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Sheepmeat Council : Sheepmeat 2012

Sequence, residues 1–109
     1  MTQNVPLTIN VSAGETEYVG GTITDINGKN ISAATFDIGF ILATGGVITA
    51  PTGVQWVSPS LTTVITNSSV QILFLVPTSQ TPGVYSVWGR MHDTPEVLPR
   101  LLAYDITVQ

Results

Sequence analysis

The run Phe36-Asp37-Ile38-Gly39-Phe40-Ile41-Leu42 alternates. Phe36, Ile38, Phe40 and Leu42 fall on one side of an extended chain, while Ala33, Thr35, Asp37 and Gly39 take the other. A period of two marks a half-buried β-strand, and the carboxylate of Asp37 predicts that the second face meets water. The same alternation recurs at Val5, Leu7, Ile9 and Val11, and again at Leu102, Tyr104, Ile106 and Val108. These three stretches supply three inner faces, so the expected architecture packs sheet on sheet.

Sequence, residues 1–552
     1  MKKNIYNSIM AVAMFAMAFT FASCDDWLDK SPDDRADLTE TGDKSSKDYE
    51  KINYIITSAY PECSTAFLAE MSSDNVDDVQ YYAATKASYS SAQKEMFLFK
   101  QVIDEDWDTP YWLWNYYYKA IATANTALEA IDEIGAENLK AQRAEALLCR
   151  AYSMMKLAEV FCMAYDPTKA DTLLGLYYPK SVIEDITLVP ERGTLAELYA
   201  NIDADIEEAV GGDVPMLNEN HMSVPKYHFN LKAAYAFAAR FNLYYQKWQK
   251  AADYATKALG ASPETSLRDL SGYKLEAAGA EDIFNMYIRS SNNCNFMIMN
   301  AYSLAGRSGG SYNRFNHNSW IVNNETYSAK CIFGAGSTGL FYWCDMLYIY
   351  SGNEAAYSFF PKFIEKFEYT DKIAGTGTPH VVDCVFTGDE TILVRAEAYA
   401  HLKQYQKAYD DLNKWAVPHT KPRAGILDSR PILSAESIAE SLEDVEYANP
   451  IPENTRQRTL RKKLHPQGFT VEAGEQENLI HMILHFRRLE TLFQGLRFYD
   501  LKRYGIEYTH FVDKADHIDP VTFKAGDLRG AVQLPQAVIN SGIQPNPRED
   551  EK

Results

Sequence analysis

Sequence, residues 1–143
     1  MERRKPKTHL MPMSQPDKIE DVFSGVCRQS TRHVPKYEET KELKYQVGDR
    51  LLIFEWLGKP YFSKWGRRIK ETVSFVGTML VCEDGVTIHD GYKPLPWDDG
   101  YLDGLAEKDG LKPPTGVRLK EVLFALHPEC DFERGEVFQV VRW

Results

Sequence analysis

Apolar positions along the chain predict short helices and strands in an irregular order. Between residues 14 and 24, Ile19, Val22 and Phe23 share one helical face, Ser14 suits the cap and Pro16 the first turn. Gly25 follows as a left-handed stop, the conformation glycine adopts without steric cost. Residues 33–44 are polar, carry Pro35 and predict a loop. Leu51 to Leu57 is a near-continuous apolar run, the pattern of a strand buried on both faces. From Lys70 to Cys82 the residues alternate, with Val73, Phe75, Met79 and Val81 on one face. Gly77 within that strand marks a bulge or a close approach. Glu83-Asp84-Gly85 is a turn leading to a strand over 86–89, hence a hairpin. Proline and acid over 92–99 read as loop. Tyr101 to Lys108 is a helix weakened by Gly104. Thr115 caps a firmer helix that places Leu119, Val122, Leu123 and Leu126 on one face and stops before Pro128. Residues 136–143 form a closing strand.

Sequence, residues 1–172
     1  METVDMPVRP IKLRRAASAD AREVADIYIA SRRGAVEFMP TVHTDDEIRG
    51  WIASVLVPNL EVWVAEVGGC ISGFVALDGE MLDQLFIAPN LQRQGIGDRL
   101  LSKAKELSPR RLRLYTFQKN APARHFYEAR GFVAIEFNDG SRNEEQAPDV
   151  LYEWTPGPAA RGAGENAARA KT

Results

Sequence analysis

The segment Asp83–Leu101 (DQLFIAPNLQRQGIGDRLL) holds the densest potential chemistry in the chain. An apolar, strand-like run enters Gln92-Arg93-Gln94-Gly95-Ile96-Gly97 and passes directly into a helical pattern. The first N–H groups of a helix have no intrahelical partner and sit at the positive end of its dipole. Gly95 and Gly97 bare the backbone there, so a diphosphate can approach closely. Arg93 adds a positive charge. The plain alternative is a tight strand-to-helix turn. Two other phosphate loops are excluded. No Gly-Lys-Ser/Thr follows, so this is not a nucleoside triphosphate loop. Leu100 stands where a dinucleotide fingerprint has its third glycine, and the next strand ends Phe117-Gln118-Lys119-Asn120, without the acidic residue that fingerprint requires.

22 SHEEPMEAT COUNCIL OF AUSTRALIA ANNUAL MUSTER 2012 The social and economic costs of an FMD outbreak in Australia would be devastating. ABARES recently provided a 2011 update on the estimated losses from an FMD outbreak in Australia; ranging from $AUD 7.1 billion for a small, three month outbreak to $AUD 16 billion for a large, 12-month outbreak. Major FMD outbreaks in Japan and South Korea in 2010-2011 incurred costs of approximately US $2.74 billion and US $2.7 billion respectively. In South Korea the outbreak resulted in the destruction of 25 per cent of the national swine and cattle herds. These losses occurred in countries with sophisticated biosecurity systems (like Australia), but without significant FMD sensitive export markets (unlike Australia), highlighting the scale of the ongoing FMD risk to Australia. As reported by Matthews, these efforts come after a period of relative underinvestment in EAD preparedness across Australia, causing the slow erosion of EAD preparedness resources (particularly closer to the field) and resulting in a number of longstanding FMD policy issues remaining unresolved. The Matthews Review identified 11 priority issues to focus national efforts: (www.daff. gov.au/animal-plant-health/pests-diseases- weeds/animal/fmd <http://www.daff.gov. au/animal-plant-health/pests-diseases- weeds/animal/fmd> ): 1. Foresight and intelligence gathering 2. Competent authority assessments of trading partners 3. Possible illegal importation of animal products 4. The effectiveness of swill-feeding prohibitions 5. Australia's national capacity for a large- scale FMD response 6. Sheep traceability 7. Policy on FMD vaccination 8. Challenges of carcass disposal 9. Early detection of FMD 10. National FMD planning and decision- making processes 11. Community recovery In the first six months of this year, significant momentum has been attained across these priority issues through a number of mechanisms that have brought DAFF, states and territories, Animal Health Australia and industry groups together under an FMD National Action Plan. Sheepmeat Council has been actively engaged in discussion on a number of these recommendations. 1) Revised policy to reflect vaccination use. Australia's response policy for FMD is for containment and eradication as rapidly as possible to minimise the impacts. Vaccination may be considered if the disease spreads beyond the limit of available resources to contain it, to protect large animal concentrations and to limit infection and minimise virus excretion. FMD vaccines will protect animals against clinical disease. Although vaccination may not entirely prevent infection, effective vaccines reduce susceptibility to infection. Where infection does occur, vaccination reduces the amount of virus shed into the environment. These two factors mean that vaccination may be a valuable tool to assist with eradication of FMD in Australia under some circumstances. Sheepmeat Council will continue to be involved in discussions to develop guidelines for use during an outbreak. 2) Movement controls and quarantine for livestock and commodities during an outbreak. To contain and eradicate as rapidly as possible requires restricting the movement of animals and products which can transmit the disease until all tracing of infection has occurred. A national livestock standstill will impose total movement controls nationally over all species susceptible to foot-and-mouth disease (FMD), as a result of the diagnosis of FMD or a strong suspicion of FMD. Industry and government collaboratively have developed movement requirements under permits which will be in place following the lifting of the National Livestock Standstill 3) Industry government working group on issues such as general surveillance, response resources benchmarking, carcass disposal, processor facilities during an outbreak, swill feeding. 4) Communication tools and activities to increase awareness and preparedness amongst the community. Sheepmeat Council along with other industry participants recognises the ongoing threat of FMD. Collaborative government and industry action and investment must be ongoing to ensure national FMD preparedness. SCA will continue to be involved in this work, including promoting the benefits of on farm biosecurity to containment of all sheep diseases. Foot-and-mouth Disease; Our greatest threat The high profle publication of the Australian Government Department of Agriculture, Fisheries and Foresty’s (DAFF’s) Matthews Review in October 2011 has been the catalyst for the welcome re-focussing of efforts across government and industry to improve Australia’s Emergency Animal Disease (EAD) preparedness, with work targeting our greatest EAD threat, Foot and Mouth Disease (FMD).